S Despite the snooze-fest feel of the 49ers’ squeaker of a victory Sunday over the dysfunctional Washington Redskins, Jim Harbaugh was seized by one of his rah-rah, hyperbole-driven, teasing, grinning, postgame moods. You know the look, the sounds, the words.
His team was valiant. His running back was on a mission. His quarterback was great. His defense was awesome.
To be fair, San Francisco’s defense during a 17-13 win at Levi’s Stadium might have been better than awesome; it might have harassed embattled Redskins quarterback Robert Griffin III closer to a full-time job as Colt McCoy’s backup.
Harbaugh was the lucky one. His team scored late, and scored last, and his quarterback is Colin Kaepernick. But who knows what Redskins coach Jay Gruden will do after his starter was sacked five times, completed 11 of 19 passes for a meager 106 yards and in the closing moments displayed all the mobility of someone whose young career has been interrupted by surgery on two major knee ligaments and a serious ankle injury?
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Gruden hasn’t exactly been shy about sharing his inner thoughts. Within the past few days he threw the struggling RG III under the bus … over the bus … in front of the bus … everywhere but in the driver’s seat. The rookie coach questioned Griffin’s grasp of fundamentals and his ability to cope with adversity and, in essence, sounded like someone searching for any justification to bench Griffin and start McCoy.
Yet here was the once-celebrated, confident young quarterback out of Baylor, managing his team to a 13-10 lead against the 49ers with 7:48 remaining. Here, too, was the Redskins defense stifling the 49ers rushing attack and accounting for three takeaways for the first time this season: an interception of a Kaepernick deep ball and fumbles by running backs Frank Gore and Carlos Hyde.
“We’ve been down this road before,” tight end Vernon Davis calmly reminded afterward. “We just have to change our mindset and get ready for Seattle.”
With the Seahawks coming to town Thursday, sleepless nights already are part of the plan. If the 49ers had succumbed to the slumping Redskins, failed to respond with a productive sequence that began with a Kaepernick sack but ended more than four more minutes later with Hyde busting for a 4-yard touchdown run, it’s fair to say Harbaugh wouldn’t have been so full of good cheer.
For most of the afternoon, in fact, the 49ers’ offense was in full-yawn mode. Again. The 49ers of late seem stuck somewhere in the teens. They lost to St. Louis 13-10, defeated the New York Giants 16-10 and overcame New Orleans 27-24 in overtime only after Kaepernick broke free on fourth and 10 and fired a 51-yard strike to Michael Crabtree that set up the tying field goal.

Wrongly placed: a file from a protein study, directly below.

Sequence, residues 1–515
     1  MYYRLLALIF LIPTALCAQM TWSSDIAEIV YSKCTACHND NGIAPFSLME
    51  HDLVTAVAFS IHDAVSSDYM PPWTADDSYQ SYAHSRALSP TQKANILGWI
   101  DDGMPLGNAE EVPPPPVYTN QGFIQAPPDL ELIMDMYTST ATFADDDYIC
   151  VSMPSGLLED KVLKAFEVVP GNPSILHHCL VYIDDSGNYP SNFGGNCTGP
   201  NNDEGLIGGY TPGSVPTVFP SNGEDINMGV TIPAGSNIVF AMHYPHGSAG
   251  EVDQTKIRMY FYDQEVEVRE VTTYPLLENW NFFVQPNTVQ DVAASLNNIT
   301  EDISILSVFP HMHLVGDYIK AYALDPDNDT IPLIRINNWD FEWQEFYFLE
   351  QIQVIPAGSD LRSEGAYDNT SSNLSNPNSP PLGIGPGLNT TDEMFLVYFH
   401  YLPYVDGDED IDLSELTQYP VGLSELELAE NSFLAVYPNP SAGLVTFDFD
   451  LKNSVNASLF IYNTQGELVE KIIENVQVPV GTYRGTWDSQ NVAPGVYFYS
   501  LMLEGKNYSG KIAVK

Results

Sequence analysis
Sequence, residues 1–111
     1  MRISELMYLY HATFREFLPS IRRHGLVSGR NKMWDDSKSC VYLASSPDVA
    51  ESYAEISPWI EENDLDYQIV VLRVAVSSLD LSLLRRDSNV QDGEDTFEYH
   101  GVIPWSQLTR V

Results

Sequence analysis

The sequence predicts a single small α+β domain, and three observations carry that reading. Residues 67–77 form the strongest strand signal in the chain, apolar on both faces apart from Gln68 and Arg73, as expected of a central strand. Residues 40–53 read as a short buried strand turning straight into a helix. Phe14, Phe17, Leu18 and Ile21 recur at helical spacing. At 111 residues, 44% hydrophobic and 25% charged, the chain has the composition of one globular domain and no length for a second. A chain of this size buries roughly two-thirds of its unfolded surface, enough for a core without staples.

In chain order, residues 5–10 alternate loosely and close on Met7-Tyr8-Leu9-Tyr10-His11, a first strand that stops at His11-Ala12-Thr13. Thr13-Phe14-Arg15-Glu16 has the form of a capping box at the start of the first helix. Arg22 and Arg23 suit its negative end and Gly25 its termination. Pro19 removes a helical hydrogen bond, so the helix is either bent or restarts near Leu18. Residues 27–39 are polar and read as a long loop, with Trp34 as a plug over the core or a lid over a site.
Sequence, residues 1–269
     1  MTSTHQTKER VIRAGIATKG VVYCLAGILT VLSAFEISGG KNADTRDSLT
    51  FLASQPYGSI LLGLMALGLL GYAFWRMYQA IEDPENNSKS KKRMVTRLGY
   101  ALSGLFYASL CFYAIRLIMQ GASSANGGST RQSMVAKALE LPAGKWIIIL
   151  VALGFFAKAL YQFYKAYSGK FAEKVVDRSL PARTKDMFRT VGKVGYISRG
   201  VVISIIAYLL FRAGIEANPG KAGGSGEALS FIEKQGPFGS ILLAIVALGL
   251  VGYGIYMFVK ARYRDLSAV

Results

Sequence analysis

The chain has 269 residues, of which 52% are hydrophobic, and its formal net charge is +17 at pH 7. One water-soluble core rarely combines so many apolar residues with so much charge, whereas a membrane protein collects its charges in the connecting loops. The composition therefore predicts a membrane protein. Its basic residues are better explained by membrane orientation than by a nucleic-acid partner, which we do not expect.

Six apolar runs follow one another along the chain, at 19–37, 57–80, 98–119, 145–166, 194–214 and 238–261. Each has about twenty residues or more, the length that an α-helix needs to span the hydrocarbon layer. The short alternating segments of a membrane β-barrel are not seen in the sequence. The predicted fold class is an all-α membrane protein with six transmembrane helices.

The final moments against the Redskins on Sunday were less dramatic but still ... After Davis caught a 5-yard pass from Kaepernick and came up just short of a first down, leaving the 49ers facing fourth and 1 on their own 37, and just over five minutes left, Gore plunged straight ahead for 3 of his 36 rushing yards. Kaepernick, who completed 20 of 29 pass attempts for 256 yards, followed with a 29-yard laser that Anquan Boldin grabbed while colliding with Ryan Clark. The Redskins safety was assessed a 15-yard penalty for what appeared to be a helmet-to-helmet hit, moving the ball to the 19, and setting up the inevitable finish.
Hyde drove up the middle for 5 more yards. Kaepernick connected with Boldin for another 10-yard reception. Then it was Gore’s young backup again, racing 4 yards into the end zone.
“It was really just big plays,” tackle Joe Staley said, musing about the ebb and flow of the afternoon. “Just guys making big plays is really what it is, and what it comes down to every single game. For some reason, we’re not doing that in the middle of the game.”
After his effusive comments in the opening moments of his postgame press conference, Harbaugh took note of the turnovers, the penalties, and the fact that Hyde’s 4-yard run was the first fourth-quarter touchdown scored by his club’s first-team offense this season.
“Do what you have to do to win the football game,” the coach said, “by any means necessary. It was a great effort. Under a lot of pressure. Team takes the ball and takes it the length of the field and scores the game-winning touchdown. That’s big-time stuff. It’s never going to be perfect. Most important thing is the way our guys play. They play their hearts out. Valiant effort, individual effort and team effort. What more could you want if you’re a coach?”
Call The Bee’s Ailene Voisin, (916) 321-1208.